NuScale submitted the application in late 2022, which is based on the VOYGRTM-6 (6-module) power plant configuration powered by an uprated 250 MWt (77MWe) SMR design. The design reflected in this application features the same fundamental safety case and passive safety features approved by the NRC in 2020, with a focus on the power uprate and select design changes to support customers’ capacity needs and further improve economics.

In a press statement the NRC said its staff will begin reviewing most of NuScale Power LLC’s application for standard design approval of the company’s 77 MWe/module Small Modular Reactor design once the company provides additional details on a key safety topic. NRC staff has concluded the majority of NuScale’s application supports the start of review activities.

The staff has determined portions of the application, discussing steam generator safety performance under certain conditions, require additional information. Once NuScale provides that information, the staff will develop a full review schedule.

A standard design approval is a determination by the NRC staff that a reactor design meets applicable NRC design requirements. Companies can reference a standard design approval when applying for a license to build and operate a reactor in the United States.

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Czech Republic / CEZ, Wants First SMR In Operation In 2032

(NucNet) Czech state-run power group CEZ, already considering ambitious plans for new large-scale nuclear reactors, is planning to begin operation of its first small modular nuclear reactor in a decade followed by another two units by 2040. Two more small units could follow in second half of 2030s as Prague steps up bid to switch from fossil fuels. The first SMR will be built at Temelín, one of CEZ’s two existing commercial nuclear power station sites.

“The first one will be launched around 2032 and the other two in the second half of the 2030s,” CEZ spokesman Ladislav Kriz said.

CEZ plans to build the next two at its current coal-fired power plants in a bid to switch from fossil fuels to greener technologies.

The company has already signed agreements to explore various SMR technology options with reactor developers NuScale, GE Hitachi, Rolls-Royce and Holtec.

The company said it was looking at other locations for future SMRs, including its other nuclear station at Dukovany and several coal-fired plants.

Coal to Nuclear Sites Identified

Czech state power company CEZ has tentatively identified two preferred sites for additional small modular reactors following plans for a first such unit at the existing Temelín nuclear power station site. The two sites are coal-fired generation sites at Detmarovice in the east of the country close to the border with Poland, and Tusimice in the northwest, close to the border with Germany.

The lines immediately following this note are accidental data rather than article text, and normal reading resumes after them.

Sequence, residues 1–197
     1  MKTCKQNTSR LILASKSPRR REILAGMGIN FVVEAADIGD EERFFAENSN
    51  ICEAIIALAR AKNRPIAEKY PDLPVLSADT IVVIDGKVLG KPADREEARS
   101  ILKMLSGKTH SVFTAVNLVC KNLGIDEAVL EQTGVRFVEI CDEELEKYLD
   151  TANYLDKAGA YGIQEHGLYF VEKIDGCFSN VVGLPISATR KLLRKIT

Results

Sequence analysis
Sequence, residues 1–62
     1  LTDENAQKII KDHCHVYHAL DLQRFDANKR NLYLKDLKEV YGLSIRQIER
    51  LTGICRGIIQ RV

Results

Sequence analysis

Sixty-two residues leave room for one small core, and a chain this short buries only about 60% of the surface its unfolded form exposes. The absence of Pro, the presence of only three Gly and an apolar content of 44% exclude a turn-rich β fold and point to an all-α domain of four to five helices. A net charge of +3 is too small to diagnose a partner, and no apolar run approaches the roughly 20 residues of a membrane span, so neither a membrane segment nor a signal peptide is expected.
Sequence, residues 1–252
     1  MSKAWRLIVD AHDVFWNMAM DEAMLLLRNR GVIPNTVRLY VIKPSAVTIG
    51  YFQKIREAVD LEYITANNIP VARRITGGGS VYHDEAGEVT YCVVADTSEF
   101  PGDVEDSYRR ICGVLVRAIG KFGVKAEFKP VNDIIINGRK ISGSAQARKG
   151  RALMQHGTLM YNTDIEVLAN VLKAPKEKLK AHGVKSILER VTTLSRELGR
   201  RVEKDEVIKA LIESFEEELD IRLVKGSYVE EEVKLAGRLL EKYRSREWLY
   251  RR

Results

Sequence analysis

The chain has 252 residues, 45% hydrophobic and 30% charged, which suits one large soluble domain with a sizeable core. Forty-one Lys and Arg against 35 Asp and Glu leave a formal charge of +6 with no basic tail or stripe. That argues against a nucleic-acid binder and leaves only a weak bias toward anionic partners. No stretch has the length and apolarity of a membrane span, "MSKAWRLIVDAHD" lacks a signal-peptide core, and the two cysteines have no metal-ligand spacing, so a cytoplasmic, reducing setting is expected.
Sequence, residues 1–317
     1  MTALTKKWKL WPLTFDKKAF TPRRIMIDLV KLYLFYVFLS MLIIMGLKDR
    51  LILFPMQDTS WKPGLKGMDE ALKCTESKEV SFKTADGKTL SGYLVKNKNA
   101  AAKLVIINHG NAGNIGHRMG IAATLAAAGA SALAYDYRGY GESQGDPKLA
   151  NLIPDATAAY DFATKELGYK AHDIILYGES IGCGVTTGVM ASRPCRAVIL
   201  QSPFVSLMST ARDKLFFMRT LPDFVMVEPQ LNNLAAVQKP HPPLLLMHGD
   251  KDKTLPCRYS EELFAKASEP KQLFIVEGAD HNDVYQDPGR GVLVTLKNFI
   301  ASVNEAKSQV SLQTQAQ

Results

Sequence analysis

Deploying SMRs will transform both plants into emission-free sites, CEZ Group has committed itself to preparing the construction of small modular reactors with a total capacity of over 1,000 MW after 2040.

CEZ said it is exploring other locations where additional SMRs could be built, including the existing Dukovany nuclear station site. All the other potential sites are coal sites. One, at Porici in the west of the country, has already been ruled out “due to the almost certain presence of an active fault near the site.”

The Detmarovice and Tusimice power plant sites will undergo “further intensive exploration and monitoring works” before it is finally clear whether they are suitable locations for SMRs. The exploration work, which began in the first half of February and is scheduled to be completed in the autumn, is primarily focused on excluding the existence of active tectonic faults, assessing the hydrogeology of the area and analysing the bedrock.

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Sweden / Vattenfall Talking To Reactor Suppliers or SMRs

(NucNet) Vattenfall has contacted potential reactor technology suppliers as it seeks to begin commercial operation of a first small modular reactor at the Ringhals nuclear power station in Sweden in the early 2030s.

A preliminary feasibility study will investigate the commercial, legal and technical conditions for building at least two new SMRs at Ringhals.

“We already have a dialogue with several potential technology suppliers and will proceed later this year with one or more of them to get concrete proposals for reactors,” Desirée Comstedt, business development manager for nuclear power at Vattenfall, said.

“We are also starting the work required for an environmental impact statement, which includes field studies and soil surveys in the area around Ringhals. And we are preparing to invite to local consultations after the summer to discuss with the parties concerned.”

‘Obvious Need’ For Nuclear, Wind And Solar

The feasibility study is expected to be completed later this year and is a central part of Vattenfall’s decision-making process towards submitting a permit application for new nuclear power plants.

Earlier this year Sweden’s prime minister Ulf Kristersson said his government was preparing legislation to allow the construction of more commercial nuclear power plants to boost electricity production and improve energy security.

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UK Launches 2nd Competition To Support Small Nuclear Reactors

(WNN) rolls-royve-logo.pngBritish finance minister Jeremy Hunt said he would boost investment in nuclear power by launching a competition for small modular reactors (SMRs), such as those being developed by Rolls-Royce.